Both the organisations are making very little progress in talks over how to reach a compromise on the next deal.
If a deal is not signed before July 1,
"Well from July 1- we're unemployed", Warner was quoted as saying by news.com.au.
"We've been threatened with that. We're hopeful there's going to be an agreement done - it's a sticky situation."
Warner has been the most outspoken critic of the board in recent weeks after the CA chief executive James Sutherland threatened they would be left unemployed if the ACA did not agree to CA's terms.
The smashing left-handed opener said that the players were committed to ensuring all cricketers shared in the game's upside, not just an elite few.
"We're prepared as players to give a little bit more in that revenue share," he said of the ACA's proposal to reduce the players share from around 26% to 22.5% with more money to go to grassroots levels.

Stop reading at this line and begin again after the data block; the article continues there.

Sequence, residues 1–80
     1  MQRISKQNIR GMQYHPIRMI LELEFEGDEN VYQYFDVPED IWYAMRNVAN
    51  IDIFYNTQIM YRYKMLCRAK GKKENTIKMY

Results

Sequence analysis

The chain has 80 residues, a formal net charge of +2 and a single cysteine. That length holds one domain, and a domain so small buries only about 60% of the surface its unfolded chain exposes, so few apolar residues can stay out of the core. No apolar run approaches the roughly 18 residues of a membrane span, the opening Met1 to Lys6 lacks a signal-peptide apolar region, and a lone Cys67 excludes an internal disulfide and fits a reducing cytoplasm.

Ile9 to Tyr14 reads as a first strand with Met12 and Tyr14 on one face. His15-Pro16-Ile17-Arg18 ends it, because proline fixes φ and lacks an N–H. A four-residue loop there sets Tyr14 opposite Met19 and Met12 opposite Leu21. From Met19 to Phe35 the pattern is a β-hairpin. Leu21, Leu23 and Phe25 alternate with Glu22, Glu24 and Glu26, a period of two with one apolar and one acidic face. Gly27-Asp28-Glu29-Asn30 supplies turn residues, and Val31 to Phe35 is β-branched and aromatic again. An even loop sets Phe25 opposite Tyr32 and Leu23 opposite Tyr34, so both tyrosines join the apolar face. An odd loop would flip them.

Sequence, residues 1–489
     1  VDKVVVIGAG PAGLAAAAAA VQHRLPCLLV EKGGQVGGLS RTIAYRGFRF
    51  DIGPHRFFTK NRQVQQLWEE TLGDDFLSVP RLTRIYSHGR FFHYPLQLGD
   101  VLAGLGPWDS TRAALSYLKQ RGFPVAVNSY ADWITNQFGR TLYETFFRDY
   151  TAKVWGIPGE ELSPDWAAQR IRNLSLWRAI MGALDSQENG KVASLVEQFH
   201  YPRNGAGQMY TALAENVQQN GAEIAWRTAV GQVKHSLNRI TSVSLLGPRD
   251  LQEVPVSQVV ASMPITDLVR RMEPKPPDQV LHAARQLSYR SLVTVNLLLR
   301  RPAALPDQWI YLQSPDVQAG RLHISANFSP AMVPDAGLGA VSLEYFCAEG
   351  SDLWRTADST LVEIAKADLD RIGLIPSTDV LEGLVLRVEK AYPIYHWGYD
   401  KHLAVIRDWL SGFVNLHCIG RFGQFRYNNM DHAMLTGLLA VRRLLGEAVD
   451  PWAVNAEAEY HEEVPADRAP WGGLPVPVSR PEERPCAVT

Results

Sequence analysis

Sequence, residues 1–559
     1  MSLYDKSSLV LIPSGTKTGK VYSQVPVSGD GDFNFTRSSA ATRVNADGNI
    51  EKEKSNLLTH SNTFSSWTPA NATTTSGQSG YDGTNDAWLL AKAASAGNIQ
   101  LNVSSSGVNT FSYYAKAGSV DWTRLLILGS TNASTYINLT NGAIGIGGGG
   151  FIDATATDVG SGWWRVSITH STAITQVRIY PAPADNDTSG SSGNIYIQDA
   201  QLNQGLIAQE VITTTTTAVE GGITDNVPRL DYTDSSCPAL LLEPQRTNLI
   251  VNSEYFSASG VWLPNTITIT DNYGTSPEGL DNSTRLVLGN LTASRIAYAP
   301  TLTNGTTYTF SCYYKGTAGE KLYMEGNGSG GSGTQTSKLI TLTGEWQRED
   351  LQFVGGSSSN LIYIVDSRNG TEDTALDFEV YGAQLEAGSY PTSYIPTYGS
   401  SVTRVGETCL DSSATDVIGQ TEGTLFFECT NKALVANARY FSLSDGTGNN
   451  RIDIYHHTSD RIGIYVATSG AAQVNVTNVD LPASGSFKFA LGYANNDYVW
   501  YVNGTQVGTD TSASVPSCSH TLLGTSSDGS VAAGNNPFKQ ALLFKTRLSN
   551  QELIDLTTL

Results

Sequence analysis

"But that's what we want. We're not going to budge from the revenue sharing model, we want equality, and a fair share for domestic and female players. That in a nutshell is what it's all about," he added.
Warner says training and preparation for the tour will certainly be compromised without a deal struck.
"From our point of view I want to play for
"We want to keep playing cricket for
ACA had earlier rejected the new pay offer from the game's governing body, saying the proposal will be a win for cricket administrators but a loss for the game.
The ACA had also insisted that the CA's proposal disrespects the value of domestic cricketers and the role they play in Australian cricket
CA, on the other hand, has maintained that their new pay offer has to be implemented for the long-term good of the game.
In March, CA made an offer, proposing that the average pay of Australia's international women's players would rise from $A79,000 to $A179,000, while the average remuneration of state cricketers would more than double to $A52,000.
Under CA's proposal, only male international players would have the chance to share in any surplus revenue, while other domestic male players and women at both domestic and international level would have to settle for fixed amounts which would not fluctuate according to the game's income.